Evidence is mounting documenting subjective age’s association with numerous chronic diseases. Extending analyses to biological, sociological and psychosocial characteristics in culturally and materially diverse low-middle income populations will improve understanding of the underpinnings of subjective age. We utilize data from the 2018 Vietnam Health and Aging Study (VHAS) to analyze a series of biological, psychosocial, and sociodemographic correlates of subjective age. The VHAS sample (N=2,447) comprises older adults experiencing diverse early-midlife war-related stressors, recent life event stressors, and livelihood conditions, which jointly influence physical and mental health. Biomarkers include anthropometry (weight, height, middle-upper arm and calf circumference), physical performance tests (peak expiratory flow and grip strength), HbA1c and hematology measures obtained through point-of-care assays of capillary blood. Key psychosocial covariates include recent psychological distress, life event stressors and war-related stressful events and living conditions. Models are adjusted for a series of demographic, socioeconomic, and self-reported health outcomes. Our outcome variable is a categorical assessment of subjective age (feeling older, younger, or approximately one’s age). Nearly half of the VHAS sample reports feeling older than their chronological age. Multinomial logistic regression analyses demonstrate that old subjective age is more likely among subjects with middle-upper arm and calf circumference below established thresholds and low BMI. Hematocrit levels are inversely associated with subjective age. Among the strongest predictors of older subjective age are recent life event stress, psychological distress, multiple ADLs and comorbidities. Biomarkers of undernutrition, in particular mid-upper arm circumference, calf circumference, BMI and hematocrit, demonstrate significant associations with subjective age in this middle-income, post-conflict setting. The toll of difficult, post-conflict living conditions, manifest in psychological distress and recent life event stressors, leads many to feel older than their chronological age.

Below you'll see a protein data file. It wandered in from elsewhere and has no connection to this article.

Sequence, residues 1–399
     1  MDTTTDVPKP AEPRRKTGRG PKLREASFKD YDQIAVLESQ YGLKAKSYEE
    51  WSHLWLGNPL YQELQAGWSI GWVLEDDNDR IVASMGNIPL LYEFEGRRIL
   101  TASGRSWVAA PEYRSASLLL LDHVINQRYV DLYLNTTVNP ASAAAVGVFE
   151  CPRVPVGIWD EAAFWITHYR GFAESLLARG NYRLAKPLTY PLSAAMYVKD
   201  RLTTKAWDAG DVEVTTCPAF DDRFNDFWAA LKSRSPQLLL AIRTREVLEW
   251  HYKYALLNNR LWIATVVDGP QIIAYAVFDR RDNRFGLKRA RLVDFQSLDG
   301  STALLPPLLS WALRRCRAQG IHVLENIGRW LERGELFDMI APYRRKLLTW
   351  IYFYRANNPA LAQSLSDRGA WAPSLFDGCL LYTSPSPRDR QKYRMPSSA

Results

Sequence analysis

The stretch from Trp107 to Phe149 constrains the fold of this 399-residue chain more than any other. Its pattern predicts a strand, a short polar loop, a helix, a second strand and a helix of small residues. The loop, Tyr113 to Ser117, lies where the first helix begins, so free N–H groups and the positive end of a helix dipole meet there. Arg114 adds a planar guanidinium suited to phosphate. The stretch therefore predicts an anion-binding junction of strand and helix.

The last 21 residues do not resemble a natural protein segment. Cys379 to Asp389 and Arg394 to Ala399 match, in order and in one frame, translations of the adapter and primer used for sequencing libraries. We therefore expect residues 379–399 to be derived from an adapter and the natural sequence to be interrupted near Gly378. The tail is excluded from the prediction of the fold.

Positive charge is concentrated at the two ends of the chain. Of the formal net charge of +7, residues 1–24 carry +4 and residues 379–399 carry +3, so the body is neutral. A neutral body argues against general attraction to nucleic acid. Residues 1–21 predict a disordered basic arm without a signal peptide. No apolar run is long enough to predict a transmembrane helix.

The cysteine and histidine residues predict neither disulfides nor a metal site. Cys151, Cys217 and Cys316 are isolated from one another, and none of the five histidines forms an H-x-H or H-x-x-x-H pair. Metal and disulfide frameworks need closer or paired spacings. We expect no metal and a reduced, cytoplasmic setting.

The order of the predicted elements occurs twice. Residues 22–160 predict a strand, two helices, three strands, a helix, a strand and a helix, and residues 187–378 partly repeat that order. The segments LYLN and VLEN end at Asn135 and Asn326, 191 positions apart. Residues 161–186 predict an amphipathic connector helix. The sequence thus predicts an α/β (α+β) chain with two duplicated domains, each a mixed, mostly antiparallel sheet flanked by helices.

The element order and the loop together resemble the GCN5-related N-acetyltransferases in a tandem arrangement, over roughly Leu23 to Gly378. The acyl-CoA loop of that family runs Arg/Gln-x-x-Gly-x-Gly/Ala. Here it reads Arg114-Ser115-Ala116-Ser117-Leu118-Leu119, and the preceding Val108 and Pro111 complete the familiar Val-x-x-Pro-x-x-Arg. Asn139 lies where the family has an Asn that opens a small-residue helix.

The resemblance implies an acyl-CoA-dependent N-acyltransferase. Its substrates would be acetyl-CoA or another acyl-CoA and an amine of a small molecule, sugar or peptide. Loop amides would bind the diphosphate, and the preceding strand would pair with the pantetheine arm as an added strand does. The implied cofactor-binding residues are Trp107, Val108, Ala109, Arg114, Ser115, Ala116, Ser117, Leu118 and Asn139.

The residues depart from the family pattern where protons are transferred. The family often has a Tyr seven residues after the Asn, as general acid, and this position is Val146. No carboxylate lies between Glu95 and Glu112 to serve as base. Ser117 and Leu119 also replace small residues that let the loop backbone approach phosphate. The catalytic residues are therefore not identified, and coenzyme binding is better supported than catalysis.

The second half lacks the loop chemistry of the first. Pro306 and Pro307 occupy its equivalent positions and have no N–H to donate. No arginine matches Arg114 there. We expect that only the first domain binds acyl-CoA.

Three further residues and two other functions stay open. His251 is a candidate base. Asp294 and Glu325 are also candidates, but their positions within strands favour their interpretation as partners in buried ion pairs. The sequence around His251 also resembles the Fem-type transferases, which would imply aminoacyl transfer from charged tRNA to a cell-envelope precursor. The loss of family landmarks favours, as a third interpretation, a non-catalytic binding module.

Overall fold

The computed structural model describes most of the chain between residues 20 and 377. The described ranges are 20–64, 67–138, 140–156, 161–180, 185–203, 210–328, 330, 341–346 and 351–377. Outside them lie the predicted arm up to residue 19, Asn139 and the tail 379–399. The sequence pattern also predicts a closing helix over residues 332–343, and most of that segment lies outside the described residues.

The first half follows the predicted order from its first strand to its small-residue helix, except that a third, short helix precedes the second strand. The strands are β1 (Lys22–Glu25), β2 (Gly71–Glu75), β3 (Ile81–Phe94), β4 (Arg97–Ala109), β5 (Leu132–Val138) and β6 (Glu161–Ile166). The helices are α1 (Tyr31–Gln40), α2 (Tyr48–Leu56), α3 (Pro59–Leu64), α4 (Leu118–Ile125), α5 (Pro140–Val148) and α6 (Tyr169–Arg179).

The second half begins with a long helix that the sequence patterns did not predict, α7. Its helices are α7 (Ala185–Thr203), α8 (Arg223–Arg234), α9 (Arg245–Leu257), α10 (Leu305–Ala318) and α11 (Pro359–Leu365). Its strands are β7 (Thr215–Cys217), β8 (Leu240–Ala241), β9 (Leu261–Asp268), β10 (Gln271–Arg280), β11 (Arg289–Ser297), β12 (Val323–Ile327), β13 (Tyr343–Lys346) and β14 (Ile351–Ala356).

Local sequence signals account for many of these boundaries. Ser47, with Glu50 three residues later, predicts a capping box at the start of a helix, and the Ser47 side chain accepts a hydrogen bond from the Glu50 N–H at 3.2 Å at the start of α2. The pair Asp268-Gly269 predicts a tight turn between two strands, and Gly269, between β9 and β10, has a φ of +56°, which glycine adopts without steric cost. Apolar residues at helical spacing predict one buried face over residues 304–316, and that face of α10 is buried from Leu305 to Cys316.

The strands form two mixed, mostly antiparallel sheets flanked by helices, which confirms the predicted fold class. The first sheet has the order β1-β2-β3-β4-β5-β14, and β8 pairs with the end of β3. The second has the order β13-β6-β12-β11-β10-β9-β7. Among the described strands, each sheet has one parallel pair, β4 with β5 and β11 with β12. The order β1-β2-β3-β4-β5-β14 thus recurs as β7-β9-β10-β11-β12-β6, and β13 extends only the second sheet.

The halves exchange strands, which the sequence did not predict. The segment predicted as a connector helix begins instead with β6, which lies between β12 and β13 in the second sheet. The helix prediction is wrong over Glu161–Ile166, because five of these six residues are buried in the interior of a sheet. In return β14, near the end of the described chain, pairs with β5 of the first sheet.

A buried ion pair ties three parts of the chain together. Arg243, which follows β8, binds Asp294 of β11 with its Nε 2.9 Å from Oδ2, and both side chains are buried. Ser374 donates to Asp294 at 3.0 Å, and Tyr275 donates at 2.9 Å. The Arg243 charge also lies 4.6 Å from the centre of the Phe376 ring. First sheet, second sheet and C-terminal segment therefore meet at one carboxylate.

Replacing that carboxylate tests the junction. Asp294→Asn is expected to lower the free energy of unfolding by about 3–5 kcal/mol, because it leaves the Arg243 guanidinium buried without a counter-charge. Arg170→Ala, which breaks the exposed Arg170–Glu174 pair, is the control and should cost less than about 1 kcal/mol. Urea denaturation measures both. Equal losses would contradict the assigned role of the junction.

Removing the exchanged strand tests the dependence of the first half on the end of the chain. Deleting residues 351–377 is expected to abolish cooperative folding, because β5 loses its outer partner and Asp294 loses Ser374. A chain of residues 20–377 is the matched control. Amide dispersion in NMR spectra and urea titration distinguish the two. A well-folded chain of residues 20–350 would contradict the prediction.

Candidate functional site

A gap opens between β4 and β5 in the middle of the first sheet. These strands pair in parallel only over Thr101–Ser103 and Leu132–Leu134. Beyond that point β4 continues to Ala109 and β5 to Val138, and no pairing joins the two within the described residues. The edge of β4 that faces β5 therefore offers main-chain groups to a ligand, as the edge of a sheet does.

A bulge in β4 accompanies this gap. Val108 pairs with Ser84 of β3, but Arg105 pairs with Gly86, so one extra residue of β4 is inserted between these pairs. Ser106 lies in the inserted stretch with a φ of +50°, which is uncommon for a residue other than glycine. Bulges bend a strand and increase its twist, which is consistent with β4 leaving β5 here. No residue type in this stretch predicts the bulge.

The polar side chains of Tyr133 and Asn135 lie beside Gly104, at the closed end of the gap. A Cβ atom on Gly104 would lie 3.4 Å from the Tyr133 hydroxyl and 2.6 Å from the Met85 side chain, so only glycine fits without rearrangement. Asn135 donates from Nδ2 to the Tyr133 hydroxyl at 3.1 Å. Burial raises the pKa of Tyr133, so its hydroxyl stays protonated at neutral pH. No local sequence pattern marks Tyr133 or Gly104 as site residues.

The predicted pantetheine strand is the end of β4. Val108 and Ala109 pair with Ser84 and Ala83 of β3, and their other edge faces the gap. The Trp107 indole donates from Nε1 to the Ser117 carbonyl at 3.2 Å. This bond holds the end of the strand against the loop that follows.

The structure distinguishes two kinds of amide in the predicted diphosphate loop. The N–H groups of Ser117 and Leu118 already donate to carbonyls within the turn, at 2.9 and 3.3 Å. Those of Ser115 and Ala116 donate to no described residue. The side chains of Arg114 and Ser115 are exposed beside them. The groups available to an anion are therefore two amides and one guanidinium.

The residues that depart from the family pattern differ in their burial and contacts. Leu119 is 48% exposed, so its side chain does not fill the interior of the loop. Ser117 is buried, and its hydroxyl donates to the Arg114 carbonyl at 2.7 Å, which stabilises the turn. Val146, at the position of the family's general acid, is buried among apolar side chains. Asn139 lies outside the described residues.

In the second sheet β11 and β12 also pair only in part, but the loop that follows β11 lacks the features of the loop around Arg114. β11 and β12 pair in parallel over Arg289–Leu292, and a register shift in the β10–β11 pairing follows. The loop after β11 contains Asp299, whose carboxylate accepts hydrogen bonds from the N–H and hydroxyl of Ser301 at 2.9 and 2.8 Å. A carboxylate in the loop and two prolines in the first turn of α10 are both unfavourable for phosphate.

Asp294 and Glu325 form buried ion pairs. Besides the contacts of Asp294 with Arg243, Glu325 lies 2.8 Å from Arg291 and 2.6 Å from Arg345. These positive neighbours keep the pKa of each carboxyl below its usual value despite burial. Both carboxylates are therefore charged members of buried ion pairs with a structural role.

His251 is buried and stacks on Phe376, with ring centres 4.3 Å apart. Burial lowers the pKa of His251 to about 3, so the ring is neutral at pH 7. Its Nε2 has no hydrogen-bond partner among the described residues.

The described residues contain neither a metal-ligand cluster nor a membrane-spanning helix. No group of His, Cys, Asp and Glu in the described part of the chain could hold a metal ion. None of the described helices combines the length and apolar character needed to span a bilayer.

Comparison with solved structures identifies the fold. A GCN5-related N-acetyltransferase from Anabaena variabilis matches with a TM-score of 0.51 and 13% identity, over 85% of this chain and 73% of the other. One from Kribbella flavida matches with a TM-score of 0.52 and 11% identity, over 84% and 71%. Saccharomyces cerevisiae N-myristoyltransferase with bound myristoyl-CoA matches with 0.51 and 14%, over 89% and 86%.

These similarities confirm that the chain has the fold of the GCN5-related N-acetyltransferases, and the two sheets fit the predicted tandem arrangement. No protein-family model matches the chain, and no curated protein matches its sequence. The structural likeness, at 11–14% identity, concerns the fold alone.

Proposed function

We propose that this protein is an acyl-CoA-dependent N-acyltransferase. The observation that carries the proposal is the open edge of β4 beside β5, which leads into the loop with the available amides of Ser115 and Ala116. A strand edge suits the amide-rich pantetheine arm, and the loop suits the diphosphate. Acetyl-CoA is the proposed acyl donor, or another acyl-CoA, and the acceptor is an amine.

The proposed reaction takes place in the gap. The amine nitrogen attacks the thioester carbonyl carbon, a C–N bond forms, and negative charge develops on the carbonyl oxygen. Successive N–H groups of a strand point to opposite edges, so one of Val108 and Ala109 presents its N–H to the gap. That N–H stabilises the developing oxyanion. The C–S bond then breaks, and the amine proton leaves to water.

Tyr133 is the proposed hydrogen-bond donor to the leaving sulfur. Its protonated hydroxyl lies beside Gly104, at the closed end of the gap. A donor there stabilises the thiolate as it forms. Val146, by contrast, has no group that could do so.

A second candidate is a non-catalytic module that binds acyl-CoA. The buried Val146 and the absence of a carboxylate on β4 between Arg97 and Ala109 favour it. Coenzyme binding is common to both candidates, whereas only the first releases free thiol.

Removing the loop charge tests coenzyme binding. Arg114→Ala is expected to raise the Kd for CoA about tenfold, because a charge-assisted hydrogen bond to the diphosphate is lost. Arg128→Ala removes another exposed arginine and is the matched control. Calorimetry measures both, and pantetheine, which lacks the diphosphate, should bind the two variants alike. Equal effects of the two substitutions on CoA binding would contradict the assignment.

Kim Korinek, University of Utah; Eleanor Brindle, University of Washington; Jefferson Schmidt, University of Utah; Tran Khanh Toan, Ha Noi Medical University; Zachary Zimmer, Mount Saint Vincent University